A guest blog by Kyle Jepson (Senior Inbound Sales Professor at HubSpot)
Is it a sales process? Or is it a buying process?
Today, we’re going to do what successful companies do: we’ll look at it from both directions at once.
Let’s explore how to make your sales process buyer centric. 👇
What are the buyer-centric steps in the sales process?
A buyer-centric step in the sales process is one that’s represented from the buyer’s point of view. Recall the sales process is a set of clearly defined steps and methods of communication between a company and its prospects. Think about that step from the buyer's perspective. How would they view this part of the sales process?
How do you make the sales process buyer-centric?
In most cases, you can make the steps in your sales process buyer-focused simply by changing their names a little bit. But this little change can make a huge difference in the way your team operates. If you define the sales process around seller steps, then your reps might be thinking, “This is what I need to do with this buyer.” And then the buyer will feel like they’re being pulled through something that’s more the seller’s job than their own. But if you reframe the process to be from the buyer’s perspective, then your reps will be thinking, “This is what I need to help this buyer accomplish,” and the buyers will feel like they’re on the same page.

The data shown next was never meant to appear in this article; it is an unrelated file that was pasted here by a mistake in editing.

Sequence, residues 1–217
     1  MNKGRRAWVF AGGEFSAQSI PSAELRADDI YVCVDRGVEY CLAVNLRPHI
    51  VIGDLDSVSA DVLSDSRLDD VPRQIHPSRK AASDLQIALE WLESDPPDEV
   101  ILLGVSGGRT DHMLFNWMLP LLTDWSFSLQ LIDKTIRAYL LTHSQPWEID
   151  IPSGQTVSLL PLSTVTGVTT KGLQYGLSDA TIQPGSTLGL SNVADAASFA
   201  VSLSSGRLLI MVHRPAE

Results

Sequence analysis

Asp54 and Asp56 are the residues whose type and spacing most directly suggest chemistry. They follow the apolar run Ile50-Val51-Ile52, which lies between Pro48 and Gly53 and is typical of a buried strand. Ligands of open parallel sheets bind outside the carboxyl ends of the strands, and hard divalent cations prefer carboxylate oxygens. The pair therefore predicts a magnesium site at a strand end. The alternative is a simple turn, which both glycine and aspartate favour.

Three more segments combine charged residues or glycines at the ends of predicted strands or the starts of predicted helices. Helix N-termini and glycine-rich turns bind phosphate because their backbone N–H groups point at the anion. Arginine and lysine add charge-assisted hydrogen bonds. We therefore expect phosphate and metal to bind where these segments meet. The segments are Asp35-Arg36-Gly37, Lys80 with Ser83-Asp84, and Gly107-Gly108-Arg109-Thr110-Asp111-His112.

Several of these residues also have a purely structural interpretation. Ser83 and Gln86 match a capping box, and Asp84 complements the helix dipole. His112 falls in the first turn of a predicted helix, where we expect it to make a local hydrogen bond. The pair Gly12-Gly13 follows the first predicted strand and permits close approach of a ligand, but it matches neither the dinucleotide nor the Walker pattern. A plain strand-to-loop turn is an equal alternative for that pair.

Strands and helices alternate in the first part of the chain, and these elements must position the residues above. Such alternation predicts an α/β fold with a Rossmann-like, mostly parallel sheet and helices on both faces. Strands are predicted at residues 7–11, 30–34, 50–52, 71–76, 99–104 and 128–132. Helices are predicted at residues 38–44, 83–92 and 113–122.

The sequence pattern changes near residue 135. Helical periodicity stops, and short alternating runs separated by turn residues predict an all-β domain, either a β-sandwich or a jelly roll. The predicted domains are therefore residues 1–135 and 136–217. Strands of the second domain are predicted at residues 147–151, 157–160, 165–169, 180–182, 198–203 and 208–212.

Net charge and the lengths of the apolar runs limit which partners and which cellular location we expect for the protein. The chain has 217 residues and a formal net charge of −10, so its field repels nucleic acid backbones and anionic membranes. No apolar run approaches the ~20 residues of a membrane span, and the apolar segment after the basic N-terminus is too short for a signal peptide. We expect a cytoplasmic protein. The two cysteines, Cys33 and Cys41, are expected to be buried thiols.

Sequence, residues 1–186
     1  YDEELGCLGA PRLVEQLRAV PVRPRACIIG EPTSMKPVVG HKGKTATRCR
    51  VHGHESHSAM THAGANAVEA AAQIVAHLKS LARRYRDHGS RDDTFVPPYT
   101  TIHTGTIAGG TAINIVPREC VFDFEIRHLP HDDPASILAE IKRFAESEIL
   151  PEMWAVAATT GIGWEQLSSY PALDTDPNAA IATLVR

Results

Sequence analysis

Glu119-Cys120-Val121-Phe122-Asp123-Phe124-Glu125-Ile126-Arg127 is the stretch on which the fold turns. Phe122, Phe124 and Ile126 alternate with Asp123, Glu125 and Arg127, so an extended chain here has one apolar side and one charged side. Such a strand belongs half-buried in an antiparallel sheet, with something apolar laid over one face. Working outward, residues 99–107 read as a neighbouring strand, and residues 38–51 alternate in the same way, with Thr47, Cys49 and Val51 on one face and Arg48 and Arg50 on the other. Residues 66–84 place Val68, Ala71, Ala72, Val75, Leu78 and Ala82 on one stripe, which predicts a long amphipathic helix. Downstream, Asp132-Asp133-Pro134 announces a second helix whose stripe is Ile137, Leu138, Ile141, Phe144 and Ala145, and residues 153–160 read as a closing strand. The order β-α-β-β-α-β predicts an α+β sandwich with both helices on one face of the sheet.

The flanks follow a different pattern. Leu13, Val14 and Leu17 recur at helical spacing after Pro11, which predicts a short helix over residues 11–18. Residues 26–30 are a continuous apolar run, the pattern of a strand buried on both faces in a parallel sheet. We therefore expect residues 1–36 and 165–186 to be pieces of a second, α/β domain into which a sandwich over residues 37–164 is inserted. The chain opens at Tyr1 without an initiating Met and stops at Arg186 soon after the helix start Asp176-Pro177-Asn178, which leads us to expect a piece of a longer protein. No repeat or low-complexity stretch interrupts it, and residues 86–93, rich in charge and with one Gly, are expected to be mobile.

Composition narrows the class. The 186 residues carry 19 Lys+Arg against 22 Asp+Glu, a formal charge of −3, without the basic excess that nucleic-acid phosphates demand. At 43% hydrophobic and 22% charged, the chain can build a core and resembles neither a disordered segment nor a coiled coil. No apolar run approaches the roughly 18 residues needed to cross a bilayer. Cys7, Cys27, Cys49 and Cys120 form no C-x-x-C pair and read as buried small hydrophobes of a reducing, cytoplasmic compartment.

Buyer-centric means the sales team's actions align with the buyer. Each step in the sales process should be a rep-focused action with a buyer-focused outcome.
Each step in the sales process focuses on the buyer and your team
Now, you might be thinking, “Wait a minute, you just said I should focus on the actions of my team, not the buyers.” This isn’t a contradiction. You want each step to be a combination of a rep-focused action and a buyer-focused outcome. For example, you might have a stage you’ve called “Demo.” Giving a demonstration of your product is an action your rep can take, but the exit criteria for the “Demo” stage should be something the buyer does, like scheduling another meeting or agreeing to have a proposal sent to them.
For most sales teams, sales reps can say, “It’s in the demo stage because I gave them a demo,” but that doesn’t say anything about where the buyer is in their journey.
A demo is a product evaluation step
Rename a demo step to “Product Evaluated,” and define the buyer exit criteria as:
- The buyer showed up to the demo and got their questions answered
- Before the call ended, the buyer scheduled another meeting to discuss moving forward
- The buyer responded to a recap email, confirming the appointment and next steps.
What happens after a sales demo?
Now, instead of the sale moving to the next stage as soon as the rep walks away from the demonstration, the rep can only move it to the next stage if they answered the buyer’s questions, scheduled the next appointment, sent a recap email of what was discussed and what the next steps are, and gotten a response to that email confirming that the buyer has that same understanding. And you, as sales manager, can say, “Hey, I saw you moved that sale out of the evaluation stage. Can I see the email where the buyer verified your next steps?”
How accurate are your sales forecasts?
When the stages of your sales process are well-defined, the forecasts you build on those stages will be accurate.